For the first 22 years of American postage stamp history, the subject matter was restricted exclusively to presidents (Washington and Lincoln, with the odd Jefferson and Jackson thrown in) and Ben Franklin. As an experiment in 1869, a bit of variety was introduced with stamps showing an eagle and shield, a locomotive, a Pony Express rider, and John Trumbull’s famous painting of the signing of The Declaration of Independence (1817). People didn’t like them, and no more such stamps were issued for another 23 years. I supply here an image of one of the two Declaration of Independence issues of 1869—one had a 15-cent denomination, this one is 24 cents. A mint copy of either one would set you back thousands of dollars today. Trumbull’s historical paintings and portraits of Washington and others have since featured frequently on US stamps. Two of them were used in a set of ten stamps commemorating Washington’s bicentennial in 1932. For the American bicentennial four large sheets of five stamps each were issued; two of the four paintings selected were Trumbull’s, and I thought I’d show The Surrender of Cornwallis at Yorktown. The Declaration of Independence was the other, and it was also shown in a se-tenant strip of four stamps that can be seen at the top of our collage, right next to the 1869 stamp. Trumbull himself was honored on a stamp of 1968, with a detail from the extreme right side of his Battle of Bunker’s Hill (which event Trumbull had witnessed personally). The bulk of the painting, the full title of which is The Death of General Warren at the Battle of Bunker’s Hill (1786), is seen on a later stamp (lower left). Other Trumbull works are seen here, some on a few stamps from Romania. John Trumbull (June 6, 1756 – November 10, 1843) was born in Connecticut and lost the use of one eye in a childhood accident. He went to Harvard, was a personal aide to George Washington, and studied painting with Benjamin West.
Armenian composer Aram Khachaturian (6 June [O.S. 24 May] 1903 – 1 May 1978) made a name for himself with his 1936 Piano Concerto, written for Lev Oborin and championed by William Kapell, and the succeeding Violin Concerto for David Oistrakh (1940). His most famous work is the ballet Gayane of 1942, and the most famous section of that score is the ubiquitous Sabre Dance. The lovely Adagio from the ballet was famously used in Stanley Kubrick’s 2001: A Space Odyssey. (I think the title is pronounced GAH-ya-neh—or maybe ga-ya-NEH—but I’ve never been able to confirm that.) Khachaturian’s name is frequently joined with those of Shostakovich and Prokofiev as targets of the notorious Soviet “anti-formalism” attacks, but, if I may be permitted a snarky aside, I never thought any of his music was in the same league. (I’ve always regretted that the short-lived Kapell devoted so much time to the big trashy Concerto when he might have played and recorded so many other works of greater merit.) Not to end on a carping note, that Adagio shoor is purty.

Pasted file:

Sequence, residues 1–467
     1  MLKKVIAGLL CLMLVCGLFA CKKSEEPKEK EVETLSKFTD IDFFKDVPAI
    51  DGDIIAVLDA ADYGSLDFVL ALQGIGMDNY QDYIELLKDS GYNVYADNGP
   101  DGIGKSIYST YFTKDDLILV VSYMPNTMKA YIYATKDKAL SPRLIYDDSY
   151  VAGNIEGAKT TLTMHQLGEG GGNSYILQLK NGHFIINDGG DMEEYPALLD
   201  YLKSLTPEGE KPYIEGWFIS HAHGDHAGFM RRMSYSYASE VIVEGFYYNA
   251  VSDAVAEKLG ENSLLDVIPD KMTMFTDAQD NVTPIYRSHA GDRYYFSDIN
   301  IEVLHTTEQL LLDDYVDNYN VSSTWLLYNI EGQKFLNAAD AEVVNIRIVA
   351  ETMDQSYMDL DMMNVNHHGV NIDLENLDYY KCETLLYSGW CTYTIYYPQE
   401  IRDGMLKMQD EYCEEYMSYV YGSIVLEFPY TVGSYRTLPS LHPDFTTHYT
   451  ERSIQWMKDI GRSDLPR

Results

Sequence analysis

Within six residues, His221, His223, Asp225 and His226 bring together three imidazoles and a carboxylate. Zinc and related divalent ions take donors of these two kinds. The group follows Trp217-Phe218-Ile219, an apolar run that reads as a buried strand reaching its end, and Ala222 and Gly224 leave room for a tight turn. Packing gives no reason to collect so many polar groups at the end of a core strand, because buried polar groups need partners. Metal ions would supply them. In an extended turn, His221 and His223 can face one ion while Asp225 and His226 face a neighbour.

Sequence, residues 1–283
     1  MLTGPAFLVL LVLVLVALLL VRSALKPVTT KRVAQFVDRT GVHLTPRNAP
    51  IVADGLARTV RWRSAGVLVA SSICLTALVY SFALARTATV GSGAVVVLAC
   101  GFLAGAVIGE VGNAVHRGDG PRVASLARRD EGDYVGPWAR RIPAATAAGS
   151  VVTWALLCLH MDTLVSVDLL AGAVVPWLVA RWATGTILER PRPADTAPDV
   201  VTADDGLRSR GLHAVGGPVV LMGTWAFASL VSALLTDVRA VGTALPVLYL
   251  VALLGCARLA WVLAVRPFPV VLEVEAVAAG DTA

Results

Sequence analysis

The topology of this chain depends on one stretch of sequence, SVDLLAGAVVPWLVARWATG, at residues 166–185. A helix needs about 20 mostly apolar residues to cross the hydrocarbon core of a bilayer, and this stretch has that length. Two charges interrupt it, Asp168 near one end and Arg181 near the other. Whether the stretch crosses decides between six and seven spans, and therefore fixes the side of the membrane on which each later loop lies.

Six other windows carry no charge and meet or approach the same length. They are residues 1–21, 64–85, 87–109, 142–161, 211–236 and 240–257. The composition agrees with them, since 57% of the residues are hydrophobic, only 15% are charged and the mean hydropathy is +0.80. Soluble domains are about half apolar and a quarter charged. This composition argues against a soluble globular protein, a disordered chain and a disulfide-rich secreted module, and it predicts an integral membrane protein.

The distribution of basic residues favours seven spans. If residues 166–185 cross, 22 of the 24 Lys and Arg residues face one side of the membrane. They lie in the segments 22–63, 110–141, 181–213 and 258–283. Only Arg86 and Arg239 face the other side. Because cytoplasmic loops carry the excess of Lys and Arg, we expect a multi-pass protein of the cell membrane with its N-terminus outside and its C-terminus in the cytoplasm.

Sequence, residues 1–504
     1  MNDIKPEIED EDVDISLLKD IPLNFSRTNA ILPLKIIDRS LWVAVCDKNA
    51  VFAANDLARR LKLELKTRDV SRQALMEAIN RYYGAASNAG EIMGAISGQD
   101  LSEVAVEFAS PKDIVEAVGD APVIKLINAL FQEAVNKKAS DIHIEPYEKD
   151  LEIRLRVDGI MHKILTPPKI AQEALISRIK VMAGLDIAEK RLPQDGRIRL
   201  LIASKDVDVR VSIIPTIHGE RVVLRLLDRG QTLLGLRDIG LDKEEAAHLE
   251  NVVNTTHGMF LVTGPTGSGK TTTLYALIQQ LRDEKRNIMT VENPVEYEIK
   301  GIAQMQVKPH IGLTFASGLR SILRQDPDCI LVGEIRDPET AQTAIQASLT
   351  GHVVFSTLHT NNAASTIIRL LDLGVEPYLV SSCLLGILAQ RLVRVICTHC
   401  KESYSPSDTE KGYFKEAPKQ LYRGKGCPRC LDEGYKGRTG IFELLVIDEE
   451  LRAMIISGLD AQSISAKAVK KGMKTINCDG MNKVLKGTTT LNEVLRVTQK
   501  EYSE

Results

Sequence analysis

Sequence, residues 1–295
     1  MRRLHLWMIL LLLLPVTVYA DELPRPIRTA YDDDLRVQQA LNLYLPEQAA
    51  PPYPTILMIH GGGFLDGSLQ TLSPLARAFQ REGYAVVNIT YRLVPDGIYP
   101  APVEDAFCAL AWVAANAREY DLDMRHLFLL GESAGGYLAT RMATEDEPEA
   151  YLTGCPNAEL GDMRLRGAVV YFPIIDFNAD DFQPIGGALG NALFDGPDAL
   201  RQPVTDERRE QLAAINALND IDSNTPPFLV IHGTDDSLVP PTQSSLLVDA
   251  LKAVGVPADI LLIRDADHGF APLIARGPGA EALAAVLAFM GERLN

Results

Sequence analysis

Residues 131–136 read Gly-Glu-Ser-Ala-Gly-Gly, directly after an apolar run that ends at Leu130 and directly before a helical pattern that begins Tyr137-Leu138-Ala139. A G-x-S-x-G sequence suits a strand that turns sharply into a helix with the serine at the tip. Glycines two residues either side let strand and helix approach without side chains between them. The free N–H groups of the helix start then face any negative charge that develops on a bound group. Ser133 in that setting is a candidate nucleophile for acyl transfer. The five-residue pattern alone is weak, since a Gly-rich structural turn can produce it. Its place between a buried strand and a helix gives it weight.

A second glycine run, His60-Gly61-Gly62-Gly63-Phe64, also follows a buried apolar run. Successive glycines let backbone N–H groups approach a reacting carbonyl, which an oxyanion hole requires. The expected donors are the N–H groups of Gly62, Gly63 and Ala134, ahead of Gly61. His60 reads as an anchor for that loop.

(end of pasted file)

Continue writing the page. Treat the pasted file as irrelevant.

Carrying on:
Irish-born British ballet dancer Edris Stannus (1898 – 8 March 2001) legally changed her name to Ninette de Valois at a very early age, danced with Serge Diaghilev’s Ballets Russes, and established several ballet schools, including the first ballet school in Turkey. Her Abbey Theatre School of Ballet in Dublin was formed at the request of W.B. Yeats, no less. The Academy of Choreographic Art, which she founded in 1926, later became the Royal Ballet School, and the Royal Ballet made its United States debut with Margot Fonteyn in 1949. Ninette de Valois died in London at the age of 102.